YUKI Masaki

Profile

YUKI Masaki Professor
Research Subject

Socio-ecological approach to cultural and social psychologica processes (relational mobility)/Cross-cultural variations in intra- and inter-group processes

Research Fields
Social Psychology, Cultural Psychology, Socio-Ecological Psychology
Faculty - Division / Research Group / Laboratory
Division of Human Sciences / Research Group of Behavioral Science / Laboratory of Behavioral Science
Graduate School - Division / Department / Laboratory
Division of Human Sciences / Department of Behavioral Science / Laboratory of Behavioral Science
School - Course / Laboratory
Division of Humanities and Human Sciences / Course of Human Sciences / Laboratory of Behavioral Science
Contact

Office/Lab: E405
TEL: +81-11-706-4169
FAX: +81-11-706-3066
Email: myuki(at)let.hokudai.ac.jp
Replace “(at)” with “@” when sending email.

Foreign exchange students who want to be research students (including Japanese residents) should apply for the designated period in accordance with the “Research Student Application Guidelines”. Even if you send an email directly to the staff, there is no reply.
Related Links
Message

How do the characteristics of a society affect the minds of the people who reside there? To address this question, I adopt a theoretical approach called a “socio-ecological perspective.” It views people’s psychological tendencies and behavioral patterns as “adaptive tools” to the social environment consisting of complex patterns of behaviors and relationships between many individuals. I often conduct cross-cultural studies, including surveys and experiments in multiple countries, to test our hypotheses.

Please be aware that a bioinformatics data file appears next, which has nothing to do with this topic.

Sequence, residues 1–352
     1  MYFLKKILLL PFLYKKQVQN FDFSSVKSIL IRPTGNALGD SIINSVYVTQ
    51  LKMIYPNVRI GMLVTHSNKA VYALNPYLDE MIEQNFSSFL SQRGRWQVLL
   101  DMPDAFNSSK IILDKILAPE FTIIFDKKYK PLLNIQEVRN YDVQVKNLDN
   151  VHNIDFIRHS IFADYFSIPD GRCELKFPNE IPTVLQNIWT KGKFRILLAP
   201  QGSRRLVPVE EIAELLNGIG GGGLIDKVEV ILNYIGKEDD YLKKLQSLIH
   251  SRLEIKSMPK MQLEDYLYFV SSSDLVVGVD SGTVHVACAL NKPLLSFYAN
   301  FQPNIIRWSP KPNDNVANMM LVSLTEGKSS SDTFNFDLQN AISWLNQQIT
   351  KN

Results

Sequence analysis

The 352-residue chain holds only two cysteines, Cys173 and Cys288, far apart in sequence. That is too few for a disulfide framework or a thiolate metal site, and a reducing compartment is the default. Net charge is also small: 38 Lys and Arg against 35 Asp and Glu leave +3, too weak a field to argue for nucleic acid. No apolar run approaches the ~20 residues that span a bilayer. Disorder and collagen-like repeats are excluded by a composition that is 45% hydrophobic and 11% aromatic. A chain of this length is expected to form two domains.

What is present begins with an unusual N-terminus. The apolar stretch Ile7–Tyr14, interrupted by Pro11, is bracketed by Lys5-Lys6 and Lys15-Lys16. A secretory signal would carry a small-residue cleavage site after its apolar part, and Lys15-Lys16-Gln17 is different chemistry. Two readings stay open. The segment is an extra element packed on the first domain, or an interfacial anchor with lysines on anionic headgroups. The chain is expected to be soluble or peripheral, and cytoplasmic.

The specific socio-ecological variable we are currently focused on is “relational mobility.” In societies and social environments with higher relational mobility, such as in North America, big cities, and the internet, people can select interpersonal relationships and group memberships based on their personal preferences. On the other hand, in societies with relatively lower relational mobility, such as East Asia and small traditional societies, it is difficult for people to change interpersonal relationships and group memberships once they are formed. What kind of psychological tendencies and behavioral patterns make individuals better off in a society with the given level of relational mobility? This perspective is useful in providing parsimonious explanations of various psychological and behavioral differences that have been found in traditional cross-cultural research. It is also useful in forecasting novel differences that have not been found to date.

You are welcome to join us on this adventure to uncover still-unknown relationships between our minds and society!